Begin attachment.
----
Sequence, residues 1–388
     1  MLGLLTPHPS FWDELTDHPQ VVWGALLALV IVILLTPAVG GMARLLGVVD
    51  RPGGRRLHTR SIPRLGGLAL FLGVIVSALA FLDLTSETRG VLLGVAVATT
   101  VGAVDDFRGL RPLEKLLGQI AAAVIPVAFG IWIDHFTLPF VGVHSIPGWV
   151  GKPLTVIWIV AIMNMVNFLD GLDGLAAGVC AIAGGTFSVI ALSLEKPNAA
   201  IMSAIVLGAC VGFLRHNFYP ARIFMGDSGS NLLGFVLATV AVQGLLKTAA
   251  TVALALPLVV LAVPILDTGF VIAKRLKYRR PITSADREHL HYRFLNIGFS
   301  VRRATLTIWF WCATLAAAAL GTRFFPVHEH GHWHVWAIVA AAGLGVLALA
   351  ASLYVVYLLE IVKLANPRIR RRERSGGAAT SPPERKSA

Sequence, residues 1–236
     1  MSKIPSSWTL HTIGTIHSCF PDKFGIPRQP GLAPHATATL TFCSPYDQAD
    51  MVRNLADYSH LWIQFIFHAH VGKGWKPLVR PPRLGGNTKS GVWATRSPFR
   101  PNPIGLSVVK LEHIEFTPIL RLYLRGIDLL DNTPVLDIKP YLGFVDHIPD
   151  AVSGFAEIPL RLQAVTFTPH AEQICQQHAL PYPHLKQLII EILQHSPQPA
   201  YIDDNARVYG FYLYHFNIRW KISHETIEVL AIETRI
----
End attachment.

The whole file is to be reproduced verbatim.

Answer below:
Sequence, residues 1–388
     1  MLGLLTPHPS FWDELTDHPQ VVWGALLALV IVILLTPAVG GMARLLGVVD
    51  RPGGRRLHTR SIPRLGGLAL FLGVIVSALA FLDLTSETRG VLLGVAVATT
   101  VGAVDDFRGL RPLEKLLGQI AAAVIPVAFG IWIDHFTLPF VGVHSIPGWV
   151  GKPLTVIWIV AIMNMVNFLD GLDGLAAGVC AIAGGTFSVI ALSLEKPNAA
   201  IMSAIVLGAC VGFLRHNFYP ARIFMGDSGS NLLGFVLATV AVQGLLKTAA
   251  TVALALPLVV LAVPILDTGF VIAKRLKYRR PITSADREHL HYRFLNIGFS
   301  VRRATLTIWF WCATLAAAAL GTRFFPVHEH GHWHVWAIVA AAGLGVLALA
   351  ASLYVVYLLE IVKLANPRIR RRERSGGAAT SPPERKSA

Sequence, residues 1–236
     1  MSKIPSSWTL HTIGTIHSCF PDKFGIPRQP GLAPHATATL TFCSPYDQAD
    51  MVRNLADYSH LWIQFIFHAH VGKGWKPLVR PPRLGGNTKS GVWATRSPFR
   101  PNPIGLSVVK LEHIEFTPIL RLYLRGIDLL DNTPVLDIKP YLGFVDHIPD
   151  AVSGFAEIPL RLQAVTFTPH AEQICQQHAL PYPHLKQLII EILQHSPQPA
   201  YIDDNARVYG FYLYHFNIRW KISHETIEVL AIETRI